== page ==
Authors: Jinjian Zhai, Tianfang Guo
Spying Android phone has been a steadily growing malware group since early 2014. For example a sample of Android.Spy malware family (MD5: 14d9f1a92dd984d6040cc41ed06e273e) was firstly reported on 01/26/2014 with only 1 out of 48 AV vendors detecting it as malware  at that time.
The malware disguised itself as a kind of google service and tried to monitor the android phone and intercept incoming calls to record the audio.
It can even forbid ring and vibration in order to record the phone call in a file on the phone.
Then the recorded audio file can be uploaded with other files as soon as the malware client app receives the “FIL” command from the command and control (CNC) server.
The spying malware family never stops evolving. Recently it was reported by AVG Virus Labs that a new malware can spy on users even when the mobile phone is turned off .
The story starts when you press the power button. The sequence of Android events, when the power button is pressed, has been reported in some earlier blog  as well as the AVG blog .
First the PhoneWindowManager.interceptKeyBeforeQueueing() method is called:
Second the code is redirected to the KeyEvent.KEYCODE_POWER case:
Then the interceptPowerKeyDown() method is called:
Finally the phone is closed when handling mPowerLongPress variable:
Following such process, Tencent Labs published an open-sourced proof-of-concept (POC) tool – “hijackAndroidPowerOff”  to demonstrate how the TelephonyManager class is duped to set the victim phone as accessible  when turned off. The scanning result of the provided sample  has been unknown since it was published. Because the platform the tool bases on is considered benign in a lot of scans, it’s highly doubted the tool can be detected as malware.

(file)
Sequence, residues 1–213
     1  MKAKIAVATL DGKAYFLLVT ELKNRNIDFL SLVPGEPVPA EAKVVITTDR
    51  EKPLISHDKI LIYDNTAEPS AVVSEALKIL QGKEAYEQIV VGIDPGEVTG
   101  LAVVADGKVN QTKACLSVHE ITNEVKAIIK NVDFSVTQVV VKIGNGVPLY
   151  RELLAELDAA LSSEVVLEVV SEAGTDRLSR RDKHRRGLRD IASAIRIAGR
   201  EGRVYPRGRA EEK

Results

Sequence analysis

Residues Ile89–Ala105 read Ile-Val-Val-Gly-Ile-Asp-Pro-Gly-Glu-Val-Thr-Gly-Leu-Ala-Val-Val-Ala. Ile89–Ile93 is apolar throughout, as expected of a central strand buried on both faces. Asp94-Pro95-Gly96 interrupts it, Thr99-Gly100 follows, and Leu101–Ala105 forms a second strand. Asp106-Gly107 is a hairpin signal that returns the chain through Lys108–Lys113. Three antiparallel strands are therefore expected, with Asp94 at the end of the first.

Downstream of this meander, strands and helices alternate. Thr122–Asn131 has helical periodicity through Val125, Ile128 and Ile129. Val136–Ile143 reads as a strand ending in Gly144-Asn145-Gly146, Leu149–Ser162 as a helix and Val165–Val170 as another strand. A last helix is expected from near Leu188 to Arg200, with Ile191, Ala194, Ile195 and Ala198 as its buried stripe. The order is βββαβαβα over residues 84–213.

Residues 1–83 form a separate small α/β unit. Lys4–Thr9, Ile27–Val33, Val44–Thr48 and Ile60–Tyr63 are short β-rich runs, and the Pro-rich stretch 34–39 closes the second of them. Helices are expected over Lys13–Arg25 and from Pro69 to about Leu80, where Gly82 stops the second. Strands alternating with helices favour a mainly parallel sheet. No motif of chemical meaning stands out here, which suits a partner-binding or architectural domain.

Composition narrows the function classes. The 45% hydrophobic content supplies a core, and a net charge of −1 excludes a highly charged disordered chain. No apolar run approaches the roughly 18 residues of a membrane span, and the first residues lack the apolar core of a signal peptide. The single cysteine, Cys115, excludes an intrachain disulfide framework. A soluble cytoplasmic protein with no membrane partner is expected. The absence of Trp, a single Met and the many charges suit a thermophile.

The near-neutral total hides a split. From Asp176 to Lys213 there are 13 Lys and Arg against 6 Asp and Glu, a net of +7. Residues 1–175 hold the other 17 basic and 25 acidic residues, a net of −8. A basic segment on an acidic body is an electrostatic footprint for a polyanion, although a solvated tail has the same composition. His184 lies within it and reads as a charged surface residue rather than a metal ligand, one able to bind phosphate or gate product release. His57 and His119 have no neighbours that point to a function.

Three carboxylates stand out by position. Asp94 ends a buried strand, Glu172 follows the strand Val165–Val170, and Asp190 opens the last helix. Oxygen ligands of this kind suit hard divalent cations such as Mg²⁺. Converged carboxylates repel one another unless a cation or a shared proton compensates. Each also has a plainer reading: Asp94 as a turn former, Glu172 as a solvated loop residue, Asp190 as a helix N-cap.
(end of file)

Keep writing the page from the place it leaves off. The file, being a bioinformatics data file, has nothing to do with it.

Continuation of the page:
The tool  was an implementation of the Xposed platform  , which is a dynamic hijack tool targeting Android phones . Relying on the xposed package to hack most of the Android SDK, the hijackAndroidPowerOff tool plays a trick to hook the shutdown() method in the PhoneWindowManager class. Using the de.robv.android.xposed.XC_MethodHook abstract class that xposed package provides, the hacker overrides the afterHookedMethod() in the XC_MethodHook class
In the overriding function, the shutdown() method leads toward the fake “Shut Down” dialog, and starts the myCancelShutdownDialog Runnable, whose name implies it’s the fake version of the authentic myShutdownDialog Runnable:
In the strangely named myCancelShutdownDialog Runnable, the run() method is overridden to run all necessary steps before shutting down the phone; except replacing the “shutdown” system call by goToSleep() method. Then the hackers adds the extra call-monitoring method — listenCall():
The listenCall() method leads to a BroadcastReceiver service which is no more than an ordinary call monitoring function. It should be noted that meanwhile the phone is actually sleeping instead of shutting down, although they both possess a black screen:
As we stated in the beginning of the blog, the call-monitoring code can be easily replaced by many possibilities of malicious injections such as audio recording and CNC client when the Android phone is actually sleeping instead of powered off.
Furthermore, such code is based on the popular tools like xposed, and conceals itself in com.google or obfuscated package names. The signature based AV vendors are not able to detect the real snippet of the malware. In this case, we can only depend on behavior based anti-virus tools to find the needle in the haystack.